4 Reasons why divorce will not bankrupt you
Many people are concerned about the financial implications of a divorce, and understandably so. Divorce necessarily requires that your family’s income has to go from supporting one household to supporting two households, so lifestyle adjustments are often inevitable.
Alabama is an equitable division state
Alabama is an equitable division state. This means that assets and debts which were accumulated during the marriage are supposed to be divided equitably by the Court. The Court is not constrained by whose name the asset or debt is in or who provided the actual financial contribution to the asset.
Even if you did not work outside the home during the marriage, you will still get a fair share of the assets because you have made contributions to the marriage through your time and effort. If your family’s assets and income substantially exceeded your debts going into your divorce, you should come out of your divorce with enough to make a fresh start.
Our Court’s Status Quo order
When you file for a divorce in Mobile County, our court almost immediately enters their standard pretrial order, which most people call their “status quo” order. This means that assets are to be preserved and not disposed of until the divorce is final.
It also means that family bills and expenses are to be paid in the same manner as they were paid prior to the divorce being filed. These provisions are designed to preserve the family’s finances for the benefit of both parties until the divorce is over.
Here are some of the relevant provisions from the pretrial order from the domestic relations court in Mobile County:
Payment of recurring expenses. It is the intent of the Court for the parties to maintain the status quo as it existed during the marriage and prior to the decision to file for divorce to the extent possible. Therefore, it is Ordered that the parties continue to pay all debts and other regular expenses, including but not limited to rent, mortgage payments, utilities, cell phone, car loans, gas, food, insurance, children’s school and/or child care expenses and other necessary living expenses in the same manner and from the same source as they were customarily paid in the months leading up to the filing of the divorce. If the Court is called on to determine what is customary, the Court will review the average expenditures in the six (6) months leading up to the filing of the Divorce and any other information that may be relevant to that determination.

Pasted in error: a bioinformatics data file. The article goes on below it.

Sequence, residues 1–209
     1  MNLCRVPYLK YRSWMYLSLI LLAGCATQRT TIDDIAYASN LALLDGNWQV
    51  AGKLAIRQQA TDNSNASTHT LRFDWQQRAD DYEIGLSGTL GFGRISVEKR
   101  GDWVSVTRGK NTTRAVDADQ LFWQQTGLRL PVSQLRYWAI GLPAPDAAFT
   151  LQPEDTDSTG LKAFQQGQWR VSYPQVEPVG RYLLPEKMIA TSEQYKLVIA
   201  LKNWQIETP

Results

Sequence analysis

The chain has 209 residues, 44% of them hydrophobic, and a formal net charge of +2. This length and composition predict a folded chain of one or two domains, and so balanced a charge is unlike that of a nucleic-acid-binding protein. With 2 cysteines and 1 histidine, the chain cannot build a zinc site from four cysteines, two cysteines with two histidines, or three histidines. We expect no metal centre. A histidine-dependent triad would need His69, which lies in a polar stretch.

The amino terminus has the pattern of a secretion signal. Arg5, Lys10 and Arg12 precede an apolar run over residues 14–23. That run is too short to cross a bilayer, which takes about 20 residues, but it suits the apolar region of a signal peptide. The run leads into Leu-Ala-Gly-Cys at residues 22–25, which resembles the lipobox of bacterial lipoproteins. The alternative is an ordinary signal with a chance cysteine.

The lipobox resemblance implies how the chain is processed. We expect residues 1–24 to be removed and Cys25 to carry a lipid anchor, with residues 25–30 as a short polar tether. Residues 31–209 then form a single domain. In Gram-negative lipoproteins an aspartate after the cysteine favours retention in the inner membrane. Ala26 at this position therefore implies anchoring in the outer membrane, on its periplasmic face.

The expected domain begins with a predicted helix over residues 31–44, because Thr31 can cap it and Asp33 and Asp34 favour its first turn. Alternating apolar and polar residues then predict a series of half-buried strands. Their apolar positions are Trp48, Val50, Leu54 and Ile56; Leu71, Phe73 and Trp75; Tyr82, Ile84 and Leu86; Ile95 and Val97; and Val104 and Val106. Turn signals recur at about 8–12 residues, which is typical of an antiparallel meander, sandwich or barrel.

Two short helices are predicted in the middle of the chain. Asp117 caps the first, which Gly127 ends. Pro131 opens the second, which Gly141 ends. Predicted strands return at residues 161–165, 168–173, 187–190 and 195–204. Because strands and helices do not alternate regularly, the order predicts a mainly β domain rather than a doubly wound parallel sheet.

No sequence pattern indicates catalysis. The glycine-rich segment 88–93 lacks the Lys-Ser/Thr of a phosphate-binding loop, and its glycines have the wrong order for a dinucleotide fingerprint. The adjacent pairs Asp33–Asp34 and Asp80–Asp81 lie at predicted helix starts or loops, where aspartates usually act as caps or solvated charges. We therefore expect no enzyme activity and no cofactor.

Preservation of assets and access. Without prior Court authorization or the written agreement of both parties, the parties shall not:
a. sell, assign, transfer, conceal, liquidate, encumber, dissipate, destroy, damage or otherwise dispose of assets presently in their control, nor shall they direct or permit the same to occur;
b. make withdrawals from, encumber, or liquidate any account with a financial institution including but not limited to checking, savings, money market, CDs, or the like (except for the ordinary expenses necessary to maintain the status quo as Ordered in paragraph 6 above or to pay lawyer’s fees or litigation expenses herein);
c. withdraw from, borrow against, change the beneficiary designation or otherwise reduce any retirement accounts, stock purchase plans, or the like;
d. change any insurance policy (medical, life, property, etc) including making any changes to coverage, amount or term, ownership, beneficiary designation, or allows such policies to lapse;
e. terminate, allow to lapse, or otherwise adversely affect any utility service, including water, gas, electric, cable, internet, telephone or other services, or withdraw deposits therefrom;
f. terminate or limit the other spouse’s access to credit cards to which they have customarily had access prior to the divorce being filed;